Riding for the veterans

Ladysmith pair join on horseback ride across Canada

Paul Nichols leads fellow Canadian Forces veterans at the start of their cross-country ride at the B.C. legislature last Monday.

Paul Nichols leads fellow Canadian Forces veterans at the start of their cross-country ride at the B.C. legislature last Monday.

It may pale when compared to the journey up Juno Beach on June 6, 1944.

But a pair of Ladysmith women have embarked on a trek of their own in the hopes they can cement respect for the sacrifices of our soldiers in the forefront of people’s minds.

On April 13, Quesnel rancher Paul Nichols kicked off a 211-day cross-Canada horseback ride in Victoria to introduce a new generation of veterans to the public and seek their support.

Riding with him as part of his support team were a pair of Ladysmith residents: tour manager Cathleen McMahon and former Chronicle editor Lindsay Chung.

McMahon said her inspiration was very specific, the following post by a young woman on Facebook about the local Remembrance Day ceremony:  “Why would I waste my time. No one fought for my freedom.  I was born free.”

“I’ve never forgotten the feeling I had when I read that. I felt confused.  It felt like the wind had been knocked out of me,” McMahon said. “I couldn’t believe that this person could have grown up into young adulthood without the understanding of what our previous generations sacrificed in order for the freedom we have today to be taken for granted so easily.”

That memory remained when she met Nichols, a veteran who served with Canadian troops during ethnic warfare in the former Yugoslavia in the 1990s.

“Our Canadian troops do a hard job for us, and when they choose to transition back into civilian life, some of them struggle and lose their way,” Nichols said. “And I can tell you from personal experience that a heartfelt thank-you and timely support from the community during that time of transition can be life-changing. So my job through this foundation is to put as many Canadian veterans in the saddle as I can.”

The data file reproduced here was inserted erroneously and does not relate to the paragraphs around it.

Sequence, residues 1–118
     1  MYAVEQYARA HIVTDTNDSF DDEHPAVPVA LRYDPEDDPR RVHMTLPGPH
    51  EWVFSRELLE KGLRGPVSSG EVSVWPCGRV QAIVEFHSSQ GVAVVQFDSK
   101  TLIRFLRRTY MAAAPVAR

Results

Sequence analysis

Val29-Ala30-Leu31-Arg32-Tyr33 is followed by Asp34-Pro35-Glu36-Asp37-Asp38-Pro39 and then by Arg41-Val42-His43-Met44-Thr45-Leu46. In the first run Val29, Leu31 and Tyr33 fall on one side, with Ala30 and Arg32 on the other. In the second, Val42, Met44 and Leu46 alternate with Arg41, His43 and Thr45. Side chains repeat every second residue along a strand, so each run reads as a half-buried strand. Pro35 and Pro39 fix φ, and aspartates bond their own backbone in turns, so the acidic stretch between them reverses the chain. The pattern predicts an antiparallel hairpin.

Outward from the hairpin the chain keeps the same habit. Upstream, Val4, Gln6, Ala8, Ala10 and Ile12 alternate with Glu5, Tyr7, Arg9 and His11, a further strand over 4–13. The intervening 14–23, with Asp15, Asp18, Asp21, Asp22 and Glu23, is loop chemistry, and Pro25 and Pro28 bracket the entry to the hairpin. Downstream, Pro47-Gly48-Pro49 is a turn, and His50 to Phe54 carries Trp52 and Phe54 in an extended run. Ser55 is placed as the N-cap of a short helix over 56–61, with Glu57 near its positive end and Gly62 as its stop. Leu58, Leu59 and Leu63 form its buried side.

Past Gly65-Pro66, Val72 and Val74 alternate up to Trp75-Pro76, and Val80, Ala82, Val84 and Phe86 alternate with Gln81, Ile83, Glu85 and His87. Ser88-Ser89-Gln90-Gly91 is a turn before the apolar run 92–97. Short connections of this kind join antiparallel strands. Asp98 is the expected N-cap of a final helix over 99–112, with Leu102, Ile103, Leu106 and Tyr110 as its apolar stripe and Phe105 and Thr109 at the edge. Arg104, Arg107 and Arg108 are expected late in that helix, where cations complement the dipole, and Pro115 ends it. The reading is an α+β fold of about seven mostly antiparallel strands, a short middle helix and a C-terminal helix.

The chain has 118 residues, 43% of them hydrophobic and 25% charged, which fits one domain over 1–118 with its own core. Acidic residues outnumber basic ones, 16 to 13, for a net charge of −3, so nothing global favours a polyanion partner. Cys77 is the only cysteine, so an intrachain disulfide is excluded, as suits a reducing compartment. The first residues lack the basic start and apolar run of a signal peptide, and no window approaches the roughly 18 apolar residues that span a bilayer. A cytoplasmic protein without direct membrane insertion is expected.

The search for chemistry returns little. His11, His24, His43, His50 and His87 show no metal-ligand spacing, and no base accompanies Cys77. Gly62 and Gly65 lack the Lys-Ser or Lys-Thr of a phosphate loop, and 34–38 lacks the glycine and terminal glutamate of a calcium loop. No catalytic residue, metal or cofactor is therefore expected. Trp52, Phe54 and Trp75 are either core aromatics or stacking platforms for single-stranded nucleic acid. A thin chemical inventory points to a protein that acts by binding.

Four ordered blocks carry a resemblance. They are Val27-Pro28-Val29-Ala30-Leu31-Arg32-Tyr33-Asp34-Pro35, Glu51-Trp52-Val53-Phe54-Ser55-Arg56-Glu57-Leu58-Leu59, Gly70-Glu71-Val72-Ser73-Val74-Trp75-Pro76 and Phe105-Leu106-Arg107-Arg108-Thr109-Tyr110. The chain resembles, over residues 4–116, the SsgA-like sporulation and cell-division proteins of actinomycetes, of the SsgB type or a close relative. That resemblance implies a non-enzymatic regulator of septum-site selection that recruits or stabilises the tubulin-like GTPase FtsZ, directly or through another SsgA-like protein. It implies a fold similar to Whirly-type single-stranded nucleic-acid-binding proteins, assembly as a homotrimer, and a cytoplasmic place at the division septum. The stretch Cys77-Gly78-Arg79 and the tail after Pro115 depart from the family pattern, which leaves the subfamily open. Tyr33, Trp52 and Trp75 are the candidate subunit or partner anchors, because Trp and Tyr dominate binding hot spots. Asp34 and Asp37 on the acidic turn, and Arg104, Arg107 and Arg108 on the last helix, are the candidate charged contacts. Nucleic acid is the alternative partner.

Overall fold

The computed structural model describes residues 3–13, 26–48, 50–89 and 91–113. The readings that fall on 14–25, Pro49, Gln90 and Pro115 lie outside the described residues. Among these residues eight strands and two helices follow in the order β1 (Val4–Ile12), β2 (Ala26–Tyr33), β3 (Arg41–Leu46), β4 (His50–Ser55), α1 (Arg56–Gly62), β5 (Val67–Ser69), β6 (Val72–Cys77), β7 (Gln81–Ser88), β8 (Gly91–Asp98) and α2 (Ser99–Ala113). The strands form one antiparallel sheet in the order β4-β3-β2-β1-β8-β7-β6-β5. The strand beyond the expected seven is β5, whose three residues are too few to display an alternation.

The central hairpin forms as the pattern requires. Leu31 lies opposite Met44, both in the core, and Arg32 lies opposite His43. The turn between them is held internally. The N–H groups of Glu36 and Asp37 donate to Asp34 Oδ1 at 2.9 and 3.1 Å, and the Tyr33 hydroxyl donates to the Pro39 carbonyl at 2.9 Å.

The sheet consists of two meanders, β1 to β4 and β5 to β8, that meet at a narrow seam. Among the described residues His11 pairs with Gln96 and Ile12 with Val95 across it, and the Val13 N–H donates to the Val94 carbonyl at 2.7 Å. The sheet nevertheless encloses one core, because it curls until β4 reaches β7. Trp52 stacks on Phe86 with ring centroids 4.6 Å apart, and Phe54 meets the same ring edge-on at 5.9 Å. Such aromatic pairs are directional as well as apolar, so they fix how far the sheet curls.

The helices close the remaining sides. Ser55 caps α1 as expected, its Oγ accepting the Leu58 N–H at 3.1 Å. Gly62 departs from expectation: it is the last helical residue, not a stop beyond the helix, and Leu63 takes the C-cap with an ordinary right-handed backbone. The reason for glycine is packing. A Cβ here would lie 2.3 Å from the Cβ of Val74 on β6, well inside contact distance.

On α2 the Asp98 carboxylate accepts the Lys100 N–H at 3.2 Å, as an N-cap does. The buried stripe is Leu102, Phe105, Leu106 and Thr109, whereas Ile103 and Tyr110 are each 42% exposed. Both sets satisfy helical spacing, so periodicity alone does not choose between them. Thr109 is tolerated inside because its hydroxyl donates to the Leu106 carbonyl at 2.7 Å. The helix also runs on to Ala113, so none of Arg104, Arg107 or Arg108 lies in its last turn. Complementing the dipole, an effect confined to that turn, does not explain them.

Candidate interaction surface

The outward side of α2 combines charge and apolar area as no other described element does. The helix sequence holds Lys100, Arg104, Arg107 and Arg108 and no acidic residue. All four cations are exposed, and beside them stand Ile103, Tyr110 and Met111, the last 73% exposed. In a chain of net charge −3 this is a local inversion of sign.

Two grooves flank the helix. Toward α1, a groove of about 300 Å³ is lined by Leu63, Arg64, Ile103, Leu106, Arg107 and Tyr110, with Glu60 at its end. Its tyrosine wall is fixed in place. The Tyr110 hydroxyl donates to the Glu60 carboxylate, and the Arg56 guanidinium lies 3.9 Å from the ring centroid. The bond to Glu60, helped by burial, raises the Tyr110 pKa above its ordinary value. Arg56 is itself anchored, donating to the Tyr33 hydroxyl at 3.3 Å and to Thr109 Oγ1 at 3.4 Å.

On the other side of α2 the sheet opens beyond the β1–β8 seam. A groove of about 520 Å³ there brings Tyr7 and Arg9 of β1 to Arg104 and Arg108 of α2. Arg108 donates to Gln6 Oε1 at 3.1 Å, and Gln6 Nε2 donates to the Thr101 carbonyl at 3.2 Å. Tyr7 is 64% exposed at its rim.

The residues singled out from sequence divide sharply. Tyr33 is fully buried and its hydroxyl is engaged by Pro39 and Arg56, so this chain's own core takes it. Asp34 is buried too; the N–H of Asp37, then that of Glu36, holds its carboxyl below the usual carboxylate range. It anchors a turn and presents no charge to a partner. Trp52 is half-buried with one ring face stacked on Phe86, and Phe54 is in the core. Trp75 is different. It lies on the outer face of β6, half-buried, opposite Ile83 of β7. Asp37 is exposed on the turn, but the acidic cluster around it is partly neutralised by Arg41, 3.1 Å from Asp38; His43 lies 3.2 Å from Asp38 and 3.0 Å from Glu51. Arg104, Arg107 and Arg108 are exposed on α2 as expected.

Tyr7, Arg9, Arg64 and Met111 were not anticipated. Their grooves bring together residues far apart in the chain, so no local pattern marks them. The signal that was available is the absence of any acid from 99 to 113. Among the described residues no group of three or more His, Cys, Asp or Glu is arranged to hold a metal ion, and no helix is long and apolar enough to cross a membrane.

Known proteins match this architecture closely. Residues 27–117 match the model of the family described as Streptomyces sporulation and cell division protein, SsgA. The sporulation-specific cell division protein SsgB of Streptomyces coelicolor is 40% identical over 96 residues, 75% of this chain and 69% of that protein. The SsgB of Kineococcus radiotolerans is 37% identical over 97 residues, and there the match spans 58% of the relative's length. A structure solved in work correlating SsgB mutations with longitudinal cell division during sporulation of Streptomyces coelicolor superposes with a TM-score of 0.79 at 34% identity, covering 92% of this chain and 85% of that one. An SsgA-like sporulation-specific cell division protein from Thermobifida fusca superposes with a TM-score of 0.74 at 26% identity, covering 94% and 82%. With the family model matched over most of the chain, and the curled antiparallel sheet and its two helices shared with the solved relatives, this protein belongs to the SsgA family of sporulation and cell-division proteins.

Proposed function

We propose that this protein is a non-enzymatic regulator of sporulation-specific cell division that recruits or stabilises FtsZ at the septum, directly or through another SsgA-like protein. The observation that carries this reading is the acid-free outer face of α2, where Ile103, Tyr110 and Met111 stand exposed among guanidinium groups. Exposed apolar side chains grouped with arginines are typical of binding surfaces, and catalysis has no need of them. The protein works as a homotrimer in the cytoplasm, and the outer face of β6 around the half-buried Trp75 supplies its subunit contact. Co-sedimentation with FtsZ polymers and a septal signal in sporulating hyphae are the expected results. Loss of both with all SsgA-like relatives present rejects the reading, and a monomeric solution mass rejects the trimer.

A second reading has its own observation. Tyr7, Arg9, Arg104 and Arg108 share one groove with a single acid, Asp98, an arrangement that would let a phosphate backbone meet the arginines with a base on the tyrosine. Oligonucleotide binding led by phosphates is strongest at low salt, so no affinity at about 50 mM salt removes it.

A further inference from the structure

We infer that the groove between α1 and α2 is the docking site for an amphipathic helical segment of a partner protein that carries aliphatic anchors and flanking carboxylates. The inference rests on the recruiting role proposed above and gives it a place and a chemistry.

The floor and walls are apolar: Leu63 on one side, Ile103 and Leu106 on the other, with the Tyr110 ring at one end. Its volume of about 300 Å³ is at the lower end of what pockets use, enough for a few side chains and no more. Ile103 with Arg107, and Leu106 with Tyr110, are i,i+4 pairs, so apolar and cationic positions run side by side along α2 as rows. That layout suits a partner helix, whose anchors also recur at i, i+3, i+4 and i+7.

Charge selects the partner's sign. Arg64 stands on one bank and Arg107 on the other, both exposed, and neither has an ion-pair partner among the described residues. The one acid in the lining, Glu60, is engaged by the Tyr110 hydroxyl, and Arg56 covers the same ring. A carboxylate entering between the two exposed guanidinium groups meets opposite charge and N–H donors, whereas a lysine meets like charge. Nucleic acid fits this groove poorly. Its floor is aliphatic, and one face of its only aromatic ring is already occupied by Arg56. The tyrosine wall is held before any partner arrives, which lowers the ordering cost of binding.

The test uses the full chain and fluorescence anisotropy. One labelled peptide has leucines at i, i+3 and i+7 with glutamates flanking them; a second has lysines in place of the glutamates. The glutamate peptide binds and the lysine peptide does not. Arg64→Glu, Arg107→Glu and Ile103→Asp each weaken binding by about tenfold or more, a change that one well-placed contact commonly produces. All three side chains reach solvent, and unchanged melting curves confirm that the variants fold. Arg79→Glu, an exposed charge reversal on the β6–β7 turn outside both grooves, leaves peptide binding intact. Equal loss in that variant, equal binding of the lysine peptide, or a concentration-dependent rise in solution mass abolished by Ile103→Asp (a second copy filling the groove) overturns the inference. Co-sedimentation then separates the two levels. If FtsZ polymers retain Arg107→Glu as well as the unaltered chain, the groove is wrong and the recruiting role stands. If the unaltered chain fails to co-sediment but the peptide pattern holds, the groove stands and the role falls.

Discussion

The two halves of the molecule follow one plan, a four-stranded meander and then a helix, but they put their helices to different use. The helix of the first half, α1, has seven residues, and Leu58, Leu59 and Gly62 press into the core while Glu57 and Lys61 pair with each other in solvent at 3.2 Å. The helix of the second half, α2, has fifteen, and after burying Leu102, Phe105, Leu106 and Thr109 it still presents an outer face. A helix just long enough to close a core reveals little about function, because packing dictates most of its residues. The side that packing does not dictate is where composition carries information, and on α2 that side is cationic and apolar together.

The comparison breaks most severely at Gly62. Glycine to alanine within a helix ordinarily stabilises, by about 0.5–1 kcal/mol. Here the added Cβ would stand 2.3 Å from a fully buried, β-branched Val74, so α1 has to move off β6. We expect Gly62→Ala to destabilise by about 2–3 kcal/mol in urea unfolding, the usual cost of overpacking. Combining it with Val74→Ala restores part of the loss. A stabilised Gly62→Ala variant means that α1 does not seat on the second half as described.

Accompanied by other B.C. veterans and his wife Terry, a therapeutic riding instructor, Nichols plans to connect with 700 veterans in his eight-month journey, which ends in St. John’s, Newfoundland.

McMahon and Chung will both be shadowing the riders in an RV and working with promotions and public relations during the event. McMahon is bringing her kids along for parts of the lengthy ride.

“They are on a mission to change the faces of Canadian veterans.  To bring awareness to those who have fought since the World Wars and tell the stories that need to be heard to understand how to help them,” McMahon said.

“I’d like you to meet his wife Terry who thought she would be getting back the same man she sent off to fight for Canada, only to realize that she would have to rediscover the person who arrived back on her doorstep.  A man who questioned his choices to fight for people who believe they were “born free”.

Nichols was visibly emotional as he was sent off from the legislature by B.C. Lt.-Gov Judith Guichon.

“That awareness will create change, and with that change I believe that we can lower the incidence and severity of post-traumatic stress disorder, lower the incidence of family breakup and I think we can lower the incidence of veteran suicide,” he said.

To follow the ride’s progress, see their website at www.communitiesforveterans.com.

— with a file from Tom Fletcher

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